Do You Have an Investment Strategy?

There is no sure-fire, one size fits all investment strategy out there. As you’ve probably found out from talking to friends or watching the market experts, there are a lot of different ways to go about investing and everyone seems to do it in their own unique way. What’s important is not just that you make your investments work for you, but that you invest in a manner that will help you achieve your future goals and plans. The best way to ensure you do that is by having an investment strategy. An investment strategy can help you to decide what types of stocks–or companies–you want to invest in, how much you want to invest in particular areas, and your appetite for risk. Such a strategy can also guarantee that your portfolio remains diversified and therefore more likely to withstand market gyrations. A well thought out investment strategy should be able to provide you with the guidance to meet your goals and plans, whether they be for retirement or just future financial stability. An investment strategy should be tailor-made to your specifications and desires. Therefore, when devising an investment strategy, it’s important that you do so with an investment professional or financial advisor that you are comfortable with and who you feel really understands what you are looking for. If you aren’t comfortable with a particular advisor, don’t be afraid to seek out others until you find the right one.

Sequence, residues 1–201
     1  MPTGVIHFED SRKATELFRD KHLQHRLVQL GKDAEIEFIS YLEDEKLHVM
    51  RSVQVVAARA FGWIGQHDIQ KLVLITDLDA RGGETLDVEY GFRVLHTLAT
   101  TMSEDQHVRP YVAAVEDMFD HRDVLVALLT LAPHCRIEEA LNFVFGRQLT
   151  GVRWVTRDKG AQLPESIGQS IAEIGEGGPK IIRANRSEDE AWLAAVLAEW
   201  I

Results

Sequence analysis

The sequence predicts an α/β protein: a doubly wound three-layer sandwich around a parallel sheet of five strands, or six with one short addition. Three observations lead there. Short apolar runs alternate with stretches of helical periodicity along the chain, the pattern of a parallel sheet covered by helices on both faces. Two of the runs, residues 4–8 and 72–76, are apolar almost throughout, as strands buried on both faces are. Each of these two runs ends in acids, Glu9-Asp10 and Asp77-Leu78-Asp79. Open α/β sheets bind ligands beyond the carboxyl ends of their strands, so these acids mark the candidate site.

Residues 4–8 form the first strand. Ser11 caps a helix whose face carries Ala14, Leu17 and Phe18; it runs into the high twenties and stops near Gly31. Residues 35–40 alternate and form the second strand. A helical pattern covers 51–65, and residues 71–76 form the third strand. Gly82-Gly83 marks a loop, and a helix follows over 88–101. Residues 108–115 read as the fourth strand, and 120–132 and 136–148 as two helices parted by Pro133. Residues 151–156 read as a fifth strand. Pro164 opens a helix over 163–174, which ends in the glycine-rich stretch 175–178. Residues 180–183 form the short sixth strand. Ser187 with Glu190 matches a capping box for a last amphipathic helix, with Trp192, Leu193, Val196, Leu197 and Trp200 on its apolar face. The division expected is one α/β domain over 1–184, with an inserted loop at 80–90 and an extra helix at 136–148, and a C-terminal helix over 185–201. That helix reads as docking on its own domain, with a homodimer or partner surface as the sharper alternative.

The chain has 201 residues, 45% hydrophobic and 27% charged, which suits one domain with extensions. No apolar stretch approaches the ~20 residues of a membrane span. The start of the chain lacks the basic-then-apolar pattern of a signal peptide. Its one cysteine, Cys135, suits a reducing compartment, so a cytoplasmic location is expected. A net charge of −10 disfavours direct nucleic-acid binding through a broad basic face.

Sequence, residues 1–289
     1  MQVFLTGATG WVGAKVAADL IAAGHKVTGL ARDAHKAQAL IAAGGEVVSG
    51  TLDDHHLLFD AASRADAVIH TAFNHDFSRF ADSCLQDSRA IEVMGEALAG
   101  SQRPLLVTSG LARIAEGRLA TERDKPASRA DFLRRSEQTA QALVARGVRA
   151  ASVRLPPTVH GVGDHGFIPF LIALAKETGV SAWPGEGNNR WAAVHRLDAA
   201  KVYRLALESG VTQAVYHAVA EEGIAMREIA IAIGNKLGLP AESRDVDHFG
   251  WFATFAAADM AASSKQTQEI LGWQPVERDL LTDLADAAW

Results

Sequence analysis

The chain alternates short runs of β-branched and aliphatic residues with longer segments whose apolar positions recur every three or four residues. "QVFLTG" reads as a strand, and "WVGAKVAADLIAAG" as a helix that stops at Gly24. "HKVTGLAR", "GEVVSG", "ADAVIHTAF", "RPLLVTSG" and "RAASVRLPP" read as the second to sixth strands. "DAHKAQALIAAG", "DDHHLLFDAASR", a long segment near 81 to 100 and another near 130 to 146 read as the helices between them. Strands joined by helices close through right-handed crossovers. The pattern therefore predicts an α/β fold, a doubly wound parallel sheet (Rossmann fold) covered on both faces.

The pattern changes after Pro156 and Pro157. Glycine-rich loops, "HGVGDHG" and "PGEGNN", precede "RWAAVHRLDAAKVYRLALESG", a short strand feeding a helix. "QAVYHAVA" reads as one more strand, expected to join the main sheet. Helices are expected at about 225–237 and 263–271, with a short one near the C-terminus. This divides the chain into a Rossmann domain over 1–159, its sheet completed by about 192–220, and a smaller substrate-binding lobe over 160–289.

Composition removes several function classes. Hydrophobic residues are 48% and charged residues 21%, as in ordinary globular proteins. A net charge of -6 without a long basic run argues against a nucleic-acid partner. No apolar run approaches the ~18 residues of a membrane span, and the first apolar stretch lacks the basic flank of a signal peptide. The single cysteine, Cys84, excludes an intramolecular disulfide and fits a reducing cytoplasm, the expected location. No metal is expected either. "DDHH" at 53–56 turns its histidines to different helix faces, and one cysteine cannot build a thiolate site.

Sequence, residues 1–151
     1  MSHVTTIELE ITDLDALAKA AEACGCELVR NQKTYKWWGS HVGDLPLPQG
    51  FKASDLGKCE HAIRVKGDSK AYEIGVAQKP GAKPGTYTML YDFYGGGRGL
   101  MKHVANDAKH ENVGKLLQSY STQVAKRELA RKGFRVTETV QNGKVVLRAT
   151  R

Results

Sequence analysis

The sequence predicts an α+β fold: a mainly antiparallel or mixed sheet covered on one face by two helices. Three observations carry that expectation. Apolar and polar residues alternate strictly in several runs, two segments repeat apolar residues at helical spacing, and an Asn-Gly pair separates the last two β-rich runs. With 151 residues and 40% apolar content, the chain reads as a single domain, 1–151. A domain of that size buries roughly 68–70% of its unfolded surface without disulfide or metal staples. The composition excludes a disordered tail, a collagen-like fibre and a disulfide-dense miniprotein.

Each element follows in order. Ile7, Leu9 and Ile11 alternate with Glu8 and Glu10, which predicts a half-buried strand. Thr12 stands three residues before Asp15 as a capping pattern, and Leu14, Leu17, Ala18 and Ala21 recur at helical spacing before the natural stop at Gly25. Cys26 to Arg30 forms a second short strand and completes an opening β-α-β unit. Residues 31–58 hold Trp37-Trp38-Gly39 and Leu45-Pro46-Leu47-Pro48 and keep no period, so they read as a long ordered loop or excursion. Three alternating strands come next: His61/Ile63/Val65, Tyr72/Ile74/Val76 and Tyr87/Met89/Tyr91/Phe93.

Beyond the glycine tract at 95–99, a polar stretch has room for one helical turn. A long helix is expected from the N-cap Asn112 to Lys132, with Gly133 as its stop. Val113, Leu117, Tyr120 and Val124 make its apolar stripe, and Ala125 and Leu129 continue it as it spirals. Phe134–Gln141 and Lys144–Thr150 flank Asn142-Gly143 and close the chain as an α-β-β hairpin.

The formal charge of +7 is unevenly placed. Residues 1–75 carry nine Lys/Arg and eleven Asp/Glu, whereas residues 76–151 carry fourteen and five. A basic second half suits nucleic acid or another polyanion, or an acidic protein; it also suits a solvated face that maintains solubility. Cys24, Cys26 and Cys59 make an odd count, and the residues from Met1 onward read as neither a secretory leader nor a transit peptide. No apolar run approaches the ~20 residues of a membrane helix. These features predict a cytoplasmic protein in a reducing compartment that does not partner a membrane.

Keeping Emotions Out of Retirement Planning

If you are planning on investing or saving for retirement on your own–without with the help of an advisor–you may want to be careful of emotions. Dealing with investments, especially the stock market, can be an emotional venture. Too often, individuals let emotions drive their decisions to buy and sell investments, which many times leads to poor decision-making. If you intend to use the markets to fund your retirement plans, you need to know when to sell or ride-out a stock or investment. Emotions can cloud our judgments when it comes to that, which in turn prevents you from making as much money as possible from your investment. Using an advisor to help you make your decisions can take the emotion out of the process and provide feedback and expertise to help you make better choices with your money.